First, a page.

The Saddle Ranch Chop House could soon be coming to the corridor, developers say
WaterWalk in downtown Wichita is close to signing its first destination restaurant, Saddle Ranch Chop House.
The restaurant is the first in a series of high-profile entertainment restaurants that WaterWalk officials hope to sign. They say it’s just another sign that the project is taking off.
WaterWalk developers expect to sign the lease by the end of the week, president Tom Johnson said.
Saddle Ranch, based in Los Angeles, is a steak place but has a varied menu, including s’mores for dessert. It includes dancing, plentiful video screens and boot-shaped shot glasses. And while it might be western, it’s not really country.
A "high-energy rock western chop house," is how official Ashley Casillas described it Monday.
Saddle Ranch may be best known for its mechanical bull, which has made appearances on "Desperate Housewives," "American Idol," "Sex and the City" and other television shows, the company said.
"It’s just a place you don’t want to leave," said broker Brad Saville of Lnadmark Commercial Real Estate. "You plan to go to dinner and the the movies, but there’s so much to do there you wind up canceling your plans for the rest of the night."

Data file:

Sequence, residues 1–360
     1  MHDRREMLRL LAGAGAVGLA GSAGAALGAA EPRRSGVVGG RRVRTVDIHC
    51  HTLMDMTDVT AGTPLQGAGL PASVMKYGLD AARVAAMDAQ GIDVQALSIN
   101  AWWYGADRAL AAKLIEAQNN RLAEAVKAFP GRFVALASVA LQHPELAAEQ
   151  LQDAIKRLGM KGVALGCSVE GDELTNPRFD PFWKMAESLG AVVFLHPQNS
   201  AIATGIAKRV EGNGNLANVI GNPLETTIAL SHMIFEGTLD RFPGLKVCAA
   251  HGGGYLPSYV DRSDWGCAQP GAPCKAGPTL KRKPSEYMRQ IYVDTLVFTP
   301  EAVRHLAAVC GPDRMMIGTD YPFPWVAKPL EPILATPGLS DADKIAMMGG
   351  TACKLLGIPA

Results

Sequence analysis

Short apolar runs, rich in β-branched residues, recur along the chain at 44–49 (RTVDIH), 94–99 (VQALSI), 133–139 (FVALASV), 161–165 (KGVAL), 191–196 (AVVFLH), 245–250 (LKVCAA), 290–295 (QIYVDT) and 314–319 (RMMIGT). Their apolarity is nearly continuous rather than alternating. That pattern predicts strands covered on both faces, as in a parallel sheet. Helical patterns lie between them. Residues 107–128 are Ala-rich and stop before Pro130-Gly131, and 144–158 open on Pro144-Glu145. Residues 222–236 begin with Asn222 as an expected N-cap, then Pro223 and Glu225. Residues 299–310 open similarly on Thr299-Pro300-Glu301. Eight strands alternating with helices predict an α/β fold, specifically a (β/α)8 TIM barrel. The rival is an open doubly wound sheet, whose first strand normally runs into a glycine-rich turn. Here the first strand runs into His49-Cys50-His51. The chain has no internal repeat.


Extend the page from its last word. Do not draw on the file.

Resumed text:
The company has three restaurants, including one that recently opened near the Kansas Speedway in Wyandotte County, and others under development. The first two Saddle Ranches are on the Sunset Strip and at Universal City in the Los Angeles area.
Johnson said Saddle Ranch fulfilled the development’s requirement of being fun, broadly appealing and unique.
"It’s not your typical sit-down restaurant," he said.
The key to bringing people downtown is the entertainment, say the developers, and Saddle Ranch has plenty of that.
Saville, who is working to bring in restaurant and retail tenants, is talking with three other major entertainment restaurants and a number of non-destination restaurants and unusual retailers.
WaterWalk’s developers are counting on Saddle Ranch and the other destination restaurants to pull people into the development to eat, shop and perhaps even work.
"The project can’t survive with just one," Johnson said. "You’ve got to have a critical mass."
Saddle Ranch is part of an acceleration of activity at WaterWalk. Now that the city has begun its reconstruction of streets and utilities through the project, the developers can start building.
Work will begin this fall on the development’s largest building, a condiminium building with retail and parking, and the adjacent amphitheater. Construction will start on the Board of Realtors building after that.
All of that construction will allow Saville and other agents to sell the development more successfully, Johnson said.
"We hope to see a lot of stuff come together a lot quicker than it has," Johnson said.
The Wichita Eagle